Gilbert’s Arts Advisory Board and the town’s director of art programs are facing some big changes just weeks after they were criticized for seeking town funding for the arts.
A Town Council subcommittee has suggested changes in volunteer boards across Gilbert. The first would merge the Arts Advisory Board with the Human Relations Commission.
Some town officials have questioned how much grant and sponsorship funding they’ve received for town arts, in light of the $87,000 salary and benefits cost of the town’s art director position, held by Kim Grace since 2002, as well as the more than $12,000 for a consultant hired last year to help plan the Global Village Festival in April.
“I don’t know what the goal was, but when I look at the job responsibilities of that person, clearly it’s arts development in the community and the ability to locate grants and private sponsorships,” said Councilwoman Linda Abbott.
Grace has brought in four grants worth a total of $4,345, from the Arizona Commission on the Arts and National Endowment for the Arts, since 2002.
Grace said she expects to see more funding come into Gilbert as plans for new art projects come to fruition.
With an annual arts budget of about $10,000, Grace said she has focused on low-cost ways to bring arts to town, including an arts display program at the Southeast Regional Library and the Gilbert Municipal Court. The town also holds concerts in the park, and is now proposing to bring in a professional symphony to perform at Christmastime.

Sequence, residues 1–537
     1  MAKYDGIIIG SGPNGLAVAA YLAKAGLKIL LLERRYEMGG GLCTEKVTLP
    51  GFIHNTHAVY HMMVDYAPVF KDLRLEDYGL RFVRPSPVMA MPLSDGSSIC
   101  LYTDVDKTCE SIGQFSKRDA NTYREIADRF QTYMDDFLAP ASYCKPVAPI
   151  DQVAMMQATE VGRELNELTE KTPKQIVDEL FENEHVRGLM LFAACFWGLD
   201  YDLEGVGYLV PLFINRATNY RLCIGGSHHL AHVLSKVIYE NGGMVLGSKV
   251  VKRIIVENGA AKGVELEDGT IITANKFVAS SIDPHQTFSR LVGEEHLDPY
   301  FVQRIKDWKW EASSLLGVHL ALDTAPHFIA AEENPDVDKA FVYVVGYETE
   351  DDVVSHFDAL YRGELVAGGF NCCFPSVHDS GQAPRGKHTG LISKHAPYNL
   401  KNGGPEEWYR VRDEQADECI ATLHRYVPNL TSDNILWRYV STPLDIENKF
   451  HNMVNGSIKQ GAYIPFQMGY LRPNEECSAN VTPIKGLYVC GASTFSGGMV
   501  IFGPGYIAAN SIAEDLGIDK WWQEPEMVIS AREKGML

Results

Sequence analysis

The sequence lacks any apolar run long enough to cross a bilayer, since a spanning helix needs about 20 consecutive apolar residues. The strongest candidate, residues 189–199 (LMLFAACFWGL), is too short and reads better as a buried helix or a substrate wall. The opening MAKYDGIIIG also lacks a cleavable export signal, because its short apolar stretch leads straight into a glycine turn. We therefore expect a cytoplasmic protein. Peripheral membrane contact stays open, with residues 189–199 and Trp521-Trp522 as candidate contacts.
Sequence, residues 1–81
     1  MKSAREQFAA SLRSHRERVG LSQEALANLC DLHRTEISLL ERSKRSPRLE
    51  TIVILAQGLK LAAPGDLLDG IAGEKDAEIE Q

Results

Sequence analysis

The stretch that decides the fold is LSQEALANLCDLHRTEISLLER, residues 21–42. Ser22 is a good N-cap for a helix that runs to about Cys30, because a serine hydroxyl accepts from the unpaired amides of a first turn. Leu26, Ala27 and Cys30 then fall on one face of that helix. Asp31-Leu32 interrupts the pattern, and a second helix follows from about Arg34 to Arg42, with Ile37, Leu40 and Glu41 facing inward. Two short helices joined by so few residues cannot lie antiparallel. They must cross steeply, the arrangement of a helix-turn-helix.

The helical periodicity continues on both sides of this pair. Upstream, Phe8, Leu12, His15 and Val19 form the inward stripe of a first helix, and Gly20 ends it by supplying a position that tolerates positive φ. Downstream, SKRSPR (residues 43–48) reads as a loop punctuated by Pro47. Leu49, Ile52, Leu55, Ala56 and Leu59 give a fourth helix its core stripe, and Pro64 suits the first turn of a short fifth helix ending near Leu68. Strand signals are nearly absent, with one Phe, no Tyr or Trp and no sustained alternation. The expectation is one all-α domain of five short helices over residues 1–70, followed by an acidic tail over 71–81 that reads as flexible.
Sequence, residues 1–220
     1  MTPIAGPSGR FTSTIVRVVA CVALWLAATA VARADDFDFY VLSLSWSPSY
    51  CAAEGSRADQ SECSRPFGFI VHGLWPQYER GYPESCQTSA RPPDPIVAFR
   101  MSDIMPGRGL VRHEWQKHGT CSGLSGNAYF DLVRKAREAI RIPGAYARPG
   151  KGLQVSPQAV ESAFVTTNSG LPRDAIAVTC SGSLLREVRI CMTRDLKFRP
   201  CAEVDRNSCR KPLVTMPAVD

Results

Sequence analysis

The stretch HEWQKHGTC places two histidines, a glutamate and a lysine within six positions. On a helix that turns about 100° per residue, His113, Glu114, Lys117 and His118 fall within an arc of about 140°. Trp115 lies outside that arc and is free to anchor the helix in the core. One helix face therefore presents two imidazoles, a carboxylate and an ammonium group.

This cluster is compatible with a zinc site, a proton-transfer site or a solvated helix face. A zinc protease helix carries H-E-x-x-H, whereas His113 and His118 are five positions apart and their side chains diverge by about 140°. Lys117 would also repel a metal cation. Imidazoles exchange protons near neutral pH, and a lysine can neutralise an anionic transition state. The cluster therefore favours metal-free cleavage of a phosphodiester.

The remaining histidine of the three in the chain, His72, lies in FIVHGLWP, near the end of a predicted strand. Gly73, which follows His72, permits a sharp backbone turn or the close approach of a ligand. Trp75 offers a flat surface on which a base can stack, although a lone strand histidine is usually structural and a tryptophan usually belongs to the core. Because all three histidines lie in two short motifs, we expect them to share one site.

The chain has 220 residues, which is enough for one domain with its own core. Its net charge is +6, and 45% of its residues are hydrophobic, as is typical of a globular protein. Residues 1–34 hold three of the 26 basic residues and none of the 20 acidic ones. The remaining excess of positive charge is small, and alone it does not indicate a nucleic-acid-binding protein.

The arts board was criticized in December by some town officials who learned the board planned to seek help to fund a $42,000 sculpture loan program proposed for the downtown, despite a Town Council policy against funding arts programs. And in October, Grace and the art board’s request for $12,500 to hire a consultant to help plan and advertise the Global Village Festival was approved by the Town Council, but sharply criticized by some, including Abbott and Mayor Steve Berman, who argued that current town staff could do the work.
During the first three years of the Global Village Festival, Grace and the arts board have brought in another $36,700 in sponsorships. And in 2004, the arts board fundraised $1,810 for a then-proposed arts scholarship program.
The sculpture loan program, which could bring bronze statues to Gilbert’s downtown, has not yet gone before the Town Council.
“I have a pretty good feeling we can get more funding from the Arizona Commission for the Arts for this sculpture loan program,” Grace said. “You do have to have some of these programs worked out before you can request a grant.”
Abbott said while she believes the town shouldn’t fund the arts — and require arts money to be obtained through grants and fundraising instead — the suggested change for both boards is an unrelated decision meant to enhance their work in light of a loss of volunteers.